Waibel said spreading out the top end of the tour bonus would be a reward for those who grind it out on the road, noting the consistency and dedication needed to place well.
“Five isn’t very many of all the people who play NTs,” Waibel said. “So to me it seems pretty top-heavy when you say one of these players is getting $5,000 and the other is getting $300…It just sounds a little crazy when you say it out loud, which I did actually mention to one of the PDGA officials just as, like, an off the cuff kind of — ‘Hey, does this seem like it makes sense to you?’”
PDGA Events Manager Mike Downes and Tour Manager Andrew Sweeton did not immediately respond to a request for comment.
Waibel wasn’t sure dividing the payout by roughly half with each descending position was the right process for splitting up a prize meant to reward a season’s worth of play. The fact that $300 barely exceeds even one roughly $200 entry fee in the six-event NT series was a sticking point — one that, if corrected, she said could encourage more women to join the tour.
“The entry fees are not cheap,” Waibel said. “[The $300 NT bonus] isn’t even two entry fees for me, which—I’m not upset about making any money, obviously. I’ll take any bonus I can get, but it’s definitely a pretty big extreme from $5,000 to $300.”
Waibel offered examples from other sports, like bowling or poker, where the field of competitors is paid out in a flatter manner, while still acknowledging that the problem won’t be around forever in disc golf.
“You kind of have to have a perfect record just to win the National Tour series,” Waibel said. “[Paige has] definitely earned it, but it would be nice to see a little more of a flat situation. I think we’re a growing sport and we’re trying to work out kinks like that.”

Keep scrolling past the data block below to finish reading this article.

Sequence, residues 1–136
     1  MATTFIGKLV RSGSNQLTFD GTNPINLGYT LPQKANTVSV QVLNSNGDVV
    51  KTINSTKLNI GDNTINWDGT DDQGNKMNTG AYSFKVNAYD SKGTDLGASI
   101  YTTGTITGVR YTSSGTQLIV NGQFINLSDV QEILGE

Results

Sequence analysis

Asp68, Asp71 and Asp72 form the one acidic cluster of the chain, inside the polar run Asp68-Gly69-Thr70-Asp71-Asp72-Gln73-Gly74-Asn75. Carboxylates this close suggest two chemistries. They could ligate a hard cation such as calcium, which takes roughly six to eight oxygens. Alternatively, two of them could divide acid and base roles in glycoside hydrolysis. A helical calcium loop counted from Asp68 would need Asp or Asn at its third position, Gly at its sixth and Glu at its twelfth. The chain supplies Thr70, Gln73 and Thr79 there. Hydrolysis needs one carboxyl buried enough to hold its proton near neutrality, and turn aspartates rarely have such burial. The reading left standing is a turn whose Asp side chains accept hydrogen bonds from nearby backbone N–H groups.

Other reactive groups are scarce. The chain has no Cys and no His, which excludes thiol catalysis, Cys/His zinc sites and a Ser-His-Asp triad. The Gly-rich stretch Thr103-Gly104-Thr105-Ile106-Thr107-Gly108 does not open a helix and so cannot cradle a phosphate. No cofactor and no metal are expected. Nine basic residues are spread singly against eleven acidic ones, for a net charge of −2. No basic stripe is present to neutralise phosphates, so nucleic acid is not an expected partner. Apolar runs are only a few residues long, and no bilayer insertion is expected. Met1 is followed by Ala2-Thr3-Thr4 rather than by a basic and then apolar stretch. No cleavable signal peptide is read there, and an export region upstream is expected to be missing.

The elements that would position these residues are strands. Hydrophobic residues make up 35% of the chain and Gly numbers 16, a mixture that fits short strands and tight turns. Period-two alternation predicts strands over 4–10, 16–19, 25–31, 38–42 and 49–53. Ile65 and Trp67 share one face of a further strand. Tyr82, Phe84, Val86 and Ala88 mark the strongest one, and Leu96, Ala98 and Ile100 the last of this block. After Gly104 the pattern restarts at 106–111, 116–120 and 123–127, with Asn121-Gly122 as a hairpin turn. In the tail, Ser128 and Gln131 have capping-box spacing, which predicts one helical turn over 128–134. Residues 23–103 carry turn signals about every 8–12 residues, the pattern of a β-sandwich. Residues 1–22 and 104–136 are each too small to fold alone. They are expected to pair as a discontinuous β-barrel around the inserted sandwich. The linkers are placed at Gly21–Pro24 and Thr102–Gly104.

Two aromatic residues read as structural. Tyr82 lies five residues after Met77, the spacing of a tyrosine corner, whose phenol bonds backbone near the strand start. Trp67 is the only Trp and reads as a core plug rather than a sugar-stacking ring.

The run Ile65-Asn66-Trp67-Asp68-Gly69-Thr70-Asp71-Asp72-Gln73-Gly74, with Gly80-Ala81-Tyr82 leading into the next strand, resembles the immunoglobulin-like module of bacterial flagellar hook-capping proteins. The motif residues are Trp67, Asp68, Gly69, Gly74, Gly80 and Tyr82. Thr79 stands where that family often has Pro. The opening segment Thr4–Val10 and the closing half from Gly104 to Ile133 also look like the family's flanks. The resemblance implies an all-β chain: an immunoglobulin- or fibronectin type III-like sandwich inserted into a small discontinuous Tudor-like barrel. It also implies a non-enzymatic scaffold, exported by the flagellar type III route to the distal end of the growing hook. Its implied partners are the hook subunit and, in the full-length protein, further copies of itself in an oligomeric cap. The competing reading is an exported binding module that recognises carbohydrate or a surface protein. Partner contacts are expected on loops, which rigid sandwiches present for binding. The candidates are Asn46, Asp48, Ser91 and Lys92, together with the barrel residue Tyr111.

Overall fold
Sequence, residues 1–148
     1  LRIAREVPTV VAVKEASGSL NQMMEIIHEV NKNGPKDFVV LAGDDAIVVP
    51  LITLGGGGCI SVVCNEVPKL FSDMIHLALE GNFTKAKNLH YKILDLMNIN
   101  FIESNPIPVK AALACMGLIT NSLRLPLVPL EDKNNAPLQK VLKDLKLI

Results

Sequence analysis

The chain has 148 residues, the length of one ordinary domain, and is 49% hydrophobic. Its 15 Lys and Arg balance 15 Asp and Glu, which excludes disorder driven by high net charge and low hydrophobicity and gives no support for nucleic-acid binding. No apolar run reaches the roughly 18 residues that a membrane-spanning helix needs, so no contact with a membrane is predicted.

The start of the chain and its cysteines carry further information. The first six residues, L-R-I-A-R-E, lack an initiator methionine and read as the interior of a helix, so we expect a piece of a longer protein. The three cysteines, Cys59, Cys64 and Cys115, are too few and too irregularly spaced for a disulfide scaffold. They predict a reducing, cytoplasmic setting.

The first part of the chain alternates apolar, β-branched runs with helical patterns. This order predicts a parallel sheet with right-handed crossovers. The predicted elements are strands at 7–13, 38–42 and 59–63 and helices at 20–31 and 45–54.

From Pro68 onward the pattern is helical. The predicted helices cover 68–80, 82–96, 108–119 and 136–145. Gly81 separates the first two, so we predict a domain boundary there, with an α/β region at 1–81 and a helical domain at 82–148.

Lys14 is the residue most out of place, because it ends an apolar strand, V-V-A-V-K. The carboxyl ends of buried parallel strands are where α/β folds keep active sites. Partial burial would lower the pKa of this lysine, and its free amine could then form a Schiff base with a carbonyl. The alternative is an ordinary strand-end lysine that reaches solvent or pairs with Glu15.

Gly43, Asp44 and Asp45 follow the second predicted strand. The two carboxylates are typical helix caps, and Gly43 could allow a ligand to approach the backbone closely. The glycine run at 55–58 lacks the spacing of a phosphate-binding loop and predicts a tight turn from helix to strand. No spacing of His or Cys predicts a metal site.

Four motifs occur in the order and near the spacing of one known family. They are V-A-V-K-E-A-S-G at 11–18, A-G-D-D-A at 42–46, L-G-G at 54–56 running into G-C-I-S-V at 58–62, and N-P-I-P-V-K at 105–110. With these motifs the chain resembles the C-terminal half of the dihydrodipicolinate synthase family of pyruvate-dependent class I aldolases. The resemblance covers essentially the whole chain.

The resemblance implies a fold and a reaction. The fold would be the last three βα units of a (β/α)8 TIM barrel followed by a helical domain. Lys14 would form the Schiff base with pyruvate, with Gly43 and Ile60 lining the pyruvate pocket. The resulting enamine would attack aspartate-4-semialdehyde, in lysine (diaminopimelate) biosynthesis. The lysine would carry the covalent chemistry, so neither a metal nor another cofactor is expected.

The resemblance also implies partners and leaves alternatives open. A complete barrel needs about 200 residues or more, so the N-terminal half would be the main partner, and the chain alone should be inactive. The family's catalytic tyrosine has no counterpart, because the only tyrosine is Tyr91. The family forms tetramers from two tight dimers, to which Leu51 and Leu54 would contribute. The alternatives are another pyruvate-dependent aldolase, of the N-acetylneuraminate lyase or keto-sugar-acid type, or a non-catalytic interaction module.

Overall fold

With the pro fields setting their sights on the Disc Golf Pro Tour Championship this weekend in Florida, both Waibel and Hokom praised that series for providing an avenue for pro women to tour continuously and encourage participation in its final event. Each appreciated that they had to qualify for the tour — “I like that earning your spot kind of thing, I think that’s encouraging,” Waibel said — and that there was no entry fee for the championship. The guaranteed $400 for attending is also a plus.
It’s concepts like that, and the ability to track series points and other statistics, that Waibel said adds to the professional feel of the tour and helps keep her on the road throughout the season. After taking some time away from high-profile events in recent years, Waibel credited the DGPT and PDGA National Tour for making it possible to be a near full-time professional athlete.
“I think series are a little more encouraging, knowing that if you play a certain number of events — similar to the NT series — that you can acquire some points and then get another bonus. And the higher tier of the tournaments, as well, gets me extra bonuses for my sponsors,” Waibel said. “So that encourages them, as well. The sponsors take notice of that.”
Earlier this week the DGPT announced six changes in an attempt to foster more growth in the Open Women’s division in 2018. While a specific discussion of payout distributions was not among those, an emphasis on reduced entry fees was, with the goal being to “increase the percentage of cash added to the women’s payout relative to the pay in” and lead to the women’s division getting a larger percentage of the series’ mandated $10,000 added cash at each event.
With plenty of time before the 2018 season begins, perhaps adjusting payout distributions is another area to explore as the women’s game continues to grow.